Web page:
The following is d’var tikkun (words of justice) was given my Mimi Micner, Spirituality Chair, at our annual Membership Meeting on Sunday, March 10, 2013:
Each year, we gather as a community in this moment to do several things. We gather to celebrate — to celebrate the community that we’ve built together and the work that we’ve been able to do as that community. We gather to decide — to make decisions based on our values that furthers our growth and work as a community. We also gather to notice, and that’s what I want to spend a few minutes talking about — to notice in a larger sense where we are as a community, with its many opportunities and challenges, and where we want to be going together.
So when we look at ourselves in this particular moment in time, what do we notice?
This week’s Torah portion, Vayakhel-Pekudei, has been helpful to me in answering this question. This week, we read the story of the building of the Mishkan, the Jewish people’s portable sanctuary in the wilderness that they built en route to the land of Canaan from Egypt, and G-d says something very interesting about Betzalel, the head contractor of the Mishkan. G-d says:
Va’yimale oto ruach Elohim bechochma u’v’tevuna, u’vedea, u’vechol melachah.
Divine inspiration filled him with wisdom and with understanding and with knowledge and with every craft. (Ex. 35:31)
This verse lifts up three specific qualities that Betzalel became endowed with that were necessary for him to successfully build a dwelling place for G-d: wisdom, understanding, and knowledge. But what strikes me is that these qualities don’t immediately seem all that distinct from each other: what’s so different about wisdom, understanding, and knowledge that they’re made into distinct characteristics, and if they are distinct, what about their difference is meaningful? AND, perhaps, is there meaning in the the order of the words as they’re written?
I’m going to go ahead and write down each of these qualities because I want to be pretty specific here:
Chochma – wisdom
Tevuna – understanding
Dea – with knowledge
Midrash Tanchuma, which is a 9th century commentary, has an interesting take on what the differences among these characteristics might be. It talks about how these three characteristics appear in Proverbs. Here, we see the following:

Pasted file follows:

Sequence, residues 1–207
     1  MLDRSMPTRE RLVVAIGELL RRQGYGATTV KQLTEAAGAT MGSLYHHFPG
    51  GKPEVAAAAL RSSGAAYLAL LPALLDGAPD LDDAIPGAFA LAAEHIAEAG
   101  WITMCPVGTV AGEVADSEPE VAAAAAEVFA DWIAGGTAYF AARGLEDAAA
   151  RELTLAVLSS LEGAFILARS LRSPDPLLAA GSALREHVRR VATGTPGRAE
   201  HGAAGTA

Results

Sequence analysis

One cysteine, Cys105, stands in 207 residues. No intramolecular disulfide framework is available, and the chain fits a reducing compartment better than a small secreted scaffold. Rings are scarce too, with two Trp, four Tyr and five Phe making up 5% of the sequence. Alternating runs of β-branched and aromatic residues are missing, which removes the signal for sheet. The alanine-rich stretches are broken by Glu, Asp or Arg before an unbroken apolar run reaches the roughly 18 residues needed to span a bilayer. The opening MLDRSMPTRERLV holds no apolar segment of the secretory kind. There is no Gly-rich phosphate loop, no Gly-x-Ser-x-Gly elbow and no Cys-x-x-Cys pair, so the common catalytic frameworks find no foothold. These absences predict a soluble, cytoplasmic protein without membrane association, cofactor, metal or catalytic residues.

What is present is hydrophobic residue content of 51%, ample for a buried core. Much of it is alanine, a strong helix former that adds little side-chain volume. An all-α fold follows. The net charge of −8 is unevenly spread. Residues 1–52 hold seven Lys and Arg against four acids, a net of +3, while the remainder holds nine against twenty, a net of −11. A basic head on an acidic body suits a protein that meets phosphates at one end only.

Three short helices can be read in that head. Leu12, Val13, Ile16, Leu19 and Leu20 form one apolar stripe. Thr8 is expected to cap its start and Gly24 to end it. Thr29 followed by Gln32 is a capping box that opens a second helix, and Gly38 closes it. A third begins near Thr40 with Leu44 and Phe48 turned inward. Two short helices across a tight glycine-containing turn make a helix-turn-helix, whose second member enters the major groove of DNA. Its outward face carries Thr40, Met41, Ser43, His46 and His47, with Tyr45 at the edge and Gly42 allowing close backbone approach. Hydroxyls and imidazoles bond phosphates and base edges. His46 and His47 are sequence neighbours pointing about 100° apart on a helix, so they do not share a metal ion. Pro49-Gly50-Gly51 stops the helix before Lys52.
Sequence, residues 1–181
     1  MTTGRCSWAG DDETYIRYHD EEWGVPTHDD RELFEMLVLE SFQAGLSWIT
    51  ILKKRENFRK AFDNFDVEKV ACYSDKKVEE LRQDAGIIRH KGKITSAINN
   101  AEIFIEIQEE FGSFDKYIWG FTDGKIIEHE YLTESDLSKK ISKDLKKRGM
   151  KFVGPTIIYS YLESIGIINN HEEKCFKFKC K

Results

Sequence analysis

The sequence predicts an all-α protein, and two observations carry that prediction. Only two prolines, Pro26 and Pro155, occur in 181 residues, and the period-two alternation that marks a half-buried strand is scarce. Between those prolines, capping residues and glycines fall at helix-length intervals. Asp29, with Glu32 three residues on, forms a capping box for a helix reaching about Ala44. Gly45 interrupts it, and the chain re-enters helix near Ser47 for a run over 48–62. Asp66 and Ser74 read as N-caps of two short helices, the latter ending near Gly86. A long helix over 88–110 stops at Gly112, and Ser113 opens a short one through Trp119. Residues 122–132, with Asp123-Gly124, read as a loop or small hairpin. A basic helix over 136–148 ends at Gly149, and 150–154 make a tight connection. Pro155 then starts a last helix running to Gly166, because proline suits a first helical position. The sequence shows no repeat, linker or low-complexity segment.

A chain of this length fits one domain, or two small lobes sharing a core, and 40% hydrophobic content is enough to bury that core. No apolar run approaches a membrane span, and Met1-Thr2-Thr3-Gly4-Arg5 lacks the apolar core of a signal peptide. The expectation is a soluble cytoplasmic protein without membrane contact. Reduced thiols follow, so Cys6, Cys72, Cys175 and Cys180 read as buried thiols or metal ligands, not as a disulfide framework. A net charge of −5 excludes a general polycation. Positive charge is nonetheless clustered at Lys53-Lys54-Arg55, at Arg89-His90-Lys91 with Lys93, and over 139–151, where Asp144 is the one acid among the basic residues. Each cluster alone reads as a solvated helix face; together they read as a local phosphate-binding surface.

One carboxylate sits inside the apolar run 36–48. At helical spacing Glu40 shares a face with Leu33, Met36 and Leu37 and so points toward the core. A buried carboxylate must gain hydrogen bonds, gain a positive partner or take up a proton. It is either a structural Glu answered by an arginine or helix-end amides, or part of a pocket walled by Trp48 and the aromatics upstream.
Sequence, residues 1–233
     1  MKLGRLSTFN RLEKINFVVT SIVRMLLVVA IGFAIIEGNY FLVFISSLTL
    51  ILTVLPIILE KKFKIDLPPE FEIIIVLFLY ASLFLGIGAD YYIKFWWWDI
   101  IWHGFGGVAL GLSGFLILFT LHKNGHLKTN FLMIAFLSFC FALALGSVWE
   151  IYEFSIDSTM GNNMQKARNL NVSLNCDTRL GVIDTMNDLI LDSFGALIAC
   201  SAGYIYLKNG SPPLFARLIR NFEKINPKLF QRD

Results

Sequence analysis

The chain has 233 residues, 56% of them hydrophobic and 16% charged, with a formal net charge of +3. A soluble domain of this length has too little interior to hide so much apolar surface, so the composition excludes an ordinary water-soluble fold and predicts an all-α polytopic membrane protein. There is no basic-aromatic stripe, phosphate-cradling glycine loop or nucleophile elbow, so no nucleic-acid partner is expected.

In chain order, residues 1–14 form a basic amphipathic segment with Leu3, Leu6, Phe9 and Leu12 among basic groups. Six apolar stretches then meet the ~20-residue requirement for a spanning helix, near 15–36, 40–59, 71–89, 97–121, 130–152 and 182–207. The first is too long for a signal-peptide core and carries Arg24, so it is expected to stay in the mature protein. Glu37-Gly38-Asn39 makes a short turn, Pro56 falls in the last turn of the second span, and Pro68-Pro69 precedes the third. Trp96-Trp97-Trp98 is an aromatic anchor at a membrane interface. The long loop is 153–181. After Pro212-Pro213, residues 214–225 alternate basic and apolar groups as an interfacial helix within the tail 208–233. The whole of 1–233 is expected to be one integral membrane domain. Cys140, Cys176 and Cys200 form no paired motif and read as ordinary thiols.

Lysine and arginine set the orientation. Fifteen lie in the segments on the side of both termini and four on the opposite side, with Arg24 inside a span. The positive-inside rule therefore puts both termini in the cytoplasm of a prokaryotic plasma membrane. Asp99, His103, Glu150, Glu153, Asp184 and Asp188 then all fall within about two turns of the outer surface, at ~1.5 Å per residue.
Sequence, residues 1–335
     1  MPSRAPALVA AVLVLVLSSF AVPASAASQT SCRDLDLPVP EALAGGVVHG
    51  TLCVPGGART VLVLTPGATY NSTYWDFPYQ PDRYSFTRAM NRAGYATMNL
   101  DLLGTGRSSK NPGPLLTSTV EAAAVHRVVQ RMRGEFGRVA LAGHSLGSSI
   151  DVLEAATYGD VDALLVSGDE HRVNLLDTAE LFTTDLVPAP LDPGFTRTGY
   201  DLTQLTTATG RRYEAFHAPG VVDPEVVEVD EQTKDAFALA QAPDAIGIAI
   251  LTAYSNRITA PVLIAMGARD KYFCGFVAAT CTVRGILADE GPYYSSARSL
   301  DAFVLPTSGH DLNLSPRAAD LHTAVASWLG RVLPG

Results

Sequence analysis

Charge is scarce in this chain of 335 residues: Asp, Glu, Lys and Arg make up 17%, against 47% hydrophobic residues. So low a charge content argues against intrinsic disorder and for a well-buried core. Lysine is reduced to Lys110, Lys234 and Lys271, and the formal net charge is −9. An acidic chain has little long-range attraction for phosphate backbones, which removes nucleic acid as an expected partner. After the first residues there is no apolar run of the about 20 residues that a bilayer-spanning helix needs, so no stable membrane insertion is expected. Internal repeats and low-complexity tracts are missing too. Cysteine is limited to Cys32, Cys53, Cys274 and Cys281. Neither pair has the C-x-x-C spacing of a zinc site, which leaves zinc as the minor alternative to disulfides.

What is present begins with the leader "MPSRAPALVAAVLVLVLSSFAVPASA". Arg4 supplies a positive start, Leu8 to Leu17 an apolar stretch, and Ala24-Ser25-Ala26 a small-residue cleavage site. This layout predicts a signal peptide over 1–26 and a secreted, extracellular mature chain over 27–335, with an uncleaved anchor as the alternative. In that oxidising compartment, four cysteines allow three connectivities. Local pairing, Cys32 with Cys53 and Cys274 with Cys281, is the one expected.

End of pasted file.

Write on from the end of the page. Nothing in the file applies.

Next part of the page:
With wisdom God founded the earth
With understanding God lastingly established the heavens
With divine knowledge depths were split
And the skies distilled dew
So here are the subtle differences that I think are being thought about here:
Wisdom is related to getting started on a task.
Understanding is about sustaining, about the cultivation of the ability to sustain what has been built.
And knowledge is then about distinguishing, helping us make distinctions between situations, so that we can apply our understanding.
The differences here seem meaningful to me, as is their order in this verse of Torah, to help me understand what I’m noticing about this community.
This community was born based on specific wisdom. It was born on the hypothesis that a Jewish community rooted in values of social justice and driven by its participants would be exciting and generative for young Jews. I think that all of us in this room and the work that we have been able to do can attest to this hypothesis being true and alive.
But that’s not where we’re at anymore. Certainly we still hold the wisdom that gave birth to our community, but I think at this moment in time we’re living in the next two stages, that of understanding and knowledge, of sustaining what we have built and of figuring out how to move forward strategically.
So at this stage we have to start asking ourselves new kinds of questions: What does it look like for us to have the tools we need to sustain what we have built and what we are building, which is growing in number of members/participants, in programming, spiritual richness, and political clout? And what does it look like for us to create a culture of distinguishing or discernment, where we’re intentional about what we take on programmatically, spiritually, and politically. The membership meeting is our time to check in on our own Moishe Kavod House Mishkan-building project. Guided by the model of Betzalel, let’s push ourselves to be “filled with wisdom, with understanding, and with knowledge.”